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Mac OS X v10.5

Mac OS X v10.5
Mac OS X v10.5 Leopard Part of the Mac OS X family

Screenshot of Mac OS X v10.5 "Leopard" Developer Apple Inc. Website Releases Release date Current version Source model License Kernel type Platform support 26 October 2007 (info) 10.5.7 (9J61) (May 12, 2009) (info) Closed source (with open source components) APSL and Apple EULA Hybrid kernel x86-64, PowerPC www.apple.com/macosx/

OS X Server. Steve Jobs stated at Macworld 2008 that over 20% of Macs use Leopard as their operating system.[1] Leopard will be superseded by Mac OS X v10.6 "Snow Leopard". According to Apple, Leopard contains over 300 changes and enhancements over its predecessor, Mac OS X v10.4 "Tiger",[2] covering core operating system components as well as included applications and developer tools. Leopard introduces a significantly revised desktop, with a redesigned Dock, Stacks, a semitransparent menu bar, and an updated Finder that incorporates the Cover Flow visual navigation interface first seen in iTunes. Other notable features include support for writing 64-bit graphical user interface applications, an automated backup utility called Time Machine, support for Spotlight searches across multiple machines, and the inclusion of Front Row and Photo Booth, which were previously included with only some Mac models. Apple missed Mac OS X v10.5’s release time frame as originally announced by Apple’s CEO Steve Jobs. When first discussed in June 2005, Jobs had stated that Apple intended to release Leopard at the end of 2006 or early 2007.[3] A year later, this was amended to Spring 2007;[4] however on 12 April 2007, Apple issued a statement that its release would be delayed until October 2007 because of the development of the iPhone.[5] 10.5 "Leopard" is needed by developers who wish to work on the iPhone platform; it is not possible to use the iPhone development platform with earlier OS X versions.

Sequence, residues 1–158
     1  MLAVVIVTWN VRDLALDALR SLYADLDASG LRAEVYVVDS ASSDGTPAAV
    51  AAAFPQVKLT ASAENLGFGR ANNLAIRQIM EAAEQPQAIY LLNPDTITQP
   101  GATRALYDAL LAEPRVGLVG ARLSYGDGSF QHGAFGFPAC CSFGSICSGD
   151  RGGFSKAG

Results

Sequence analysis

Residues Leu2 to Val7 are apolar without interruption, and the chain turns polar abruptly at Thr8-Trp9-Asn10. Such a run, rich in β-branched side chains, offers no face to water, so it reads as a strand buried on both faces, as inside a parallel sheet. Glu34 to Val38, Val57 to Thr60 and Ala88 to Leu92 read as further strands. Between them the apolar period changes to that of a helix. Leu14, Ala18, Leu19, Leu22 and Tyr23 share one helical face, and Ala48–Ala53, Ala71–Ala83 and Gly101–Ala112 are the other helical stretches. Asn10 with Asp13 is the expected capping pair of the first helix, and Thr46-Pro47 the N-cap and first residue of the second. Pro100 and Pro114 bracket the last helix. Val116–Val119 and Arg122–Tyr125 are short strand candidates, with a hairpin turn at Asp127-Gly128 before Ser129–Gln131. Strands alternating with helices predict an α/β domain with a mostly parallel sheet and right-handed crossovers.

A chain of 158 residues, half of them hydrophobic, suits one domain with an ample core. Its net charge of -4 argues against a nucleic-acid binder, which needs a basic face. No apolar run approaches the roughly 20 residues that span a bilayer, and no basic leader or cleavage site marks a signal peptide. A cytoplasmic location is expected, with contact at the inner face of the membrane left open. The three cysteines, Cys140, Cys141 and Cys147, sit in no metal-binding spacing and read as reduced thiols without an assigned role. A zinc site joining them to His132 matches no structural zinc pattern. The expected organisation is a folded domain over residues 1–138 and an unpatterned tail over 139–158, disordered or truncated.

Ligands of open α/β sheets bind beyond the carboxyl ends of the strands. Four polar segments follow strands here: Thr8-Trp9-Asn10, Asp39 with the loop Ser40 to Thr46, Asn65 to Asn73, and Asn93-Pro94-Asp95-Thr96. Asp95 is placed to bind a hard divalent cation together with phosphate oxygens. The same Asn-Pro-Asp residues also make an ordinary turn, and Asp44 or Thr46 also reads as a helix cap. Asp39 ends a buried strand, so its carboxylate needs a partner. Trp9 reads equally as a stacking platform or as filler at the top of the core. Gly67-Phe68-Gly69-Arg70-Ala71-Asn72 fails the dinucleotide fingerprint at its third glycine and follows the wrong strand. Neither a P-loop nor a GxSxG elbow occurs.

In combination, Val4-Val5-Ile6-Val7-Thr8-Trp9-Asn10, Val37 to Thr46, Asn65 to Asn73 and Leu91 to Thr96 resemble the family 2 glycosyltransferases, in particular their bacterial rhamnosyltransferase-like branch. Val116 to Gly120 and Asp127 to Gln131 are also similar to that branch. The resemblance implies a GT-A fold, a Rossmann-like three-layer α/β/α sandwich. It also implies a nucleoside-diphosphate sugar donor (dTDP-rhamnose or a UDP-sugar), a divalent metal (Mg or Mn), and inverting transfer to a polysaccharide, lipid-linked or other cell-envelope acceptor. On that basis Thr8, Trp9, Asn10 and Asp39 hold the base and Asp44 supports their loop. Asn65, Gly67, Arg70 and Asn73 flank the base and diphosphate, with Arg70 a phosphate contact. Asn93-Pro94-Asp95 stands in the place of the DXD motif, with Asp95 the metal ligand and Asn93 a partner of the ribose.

Support status Supported

New and changed features
End-user features
Apple advertises that Mac OS X v10.5 Leopard has 300+ new features[6], including: • A new improved , with easy starting points to easily start a workflow. It also can quickly create or edit workflows with new interface improvements. Now it can use a

Mac OS X version 10.5 "Leopard" is the sixth major release of Mac OS X, Apple’s desktop and server operating system for Macintosh computers. Leopard was released on 26 October 2007, and is available in two variants: a desktop version suitable for personal computers, and a server version, Mac

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From Wikipedia, the free encyclopedia
new action called "Watch Me Do" that lets you record a user action (like pressing a button or controlling an application without built-in Automator support) and replay as an action in a workflow. It can create more useful Automator workflows with actions for RSS feeds, iSight camera video snapshots, PDF manipulation, and much more. , a feature for MobileMe users that allows users to access files on their home computer while away from home via the internet. , a software assistant allowing for the installation of other operating systems, such as Windows XP (SP2 or later) or Windows Vista, on a separate partition (or separate internal drive) on Intel-based Macs. enhancements, including Web Clip, a feature that allows users to turn a part of any Web page displayed in Safari into a live Dashboard widget, and Dashcode to help developers code widgets.[7] New , comprises a redesigned 3-D dock with a new grouping feature called Stacks, which displays files in either a "fan" style, "grid" style, or (since 10.5.2) a "list" style.

Mac OS X v10.5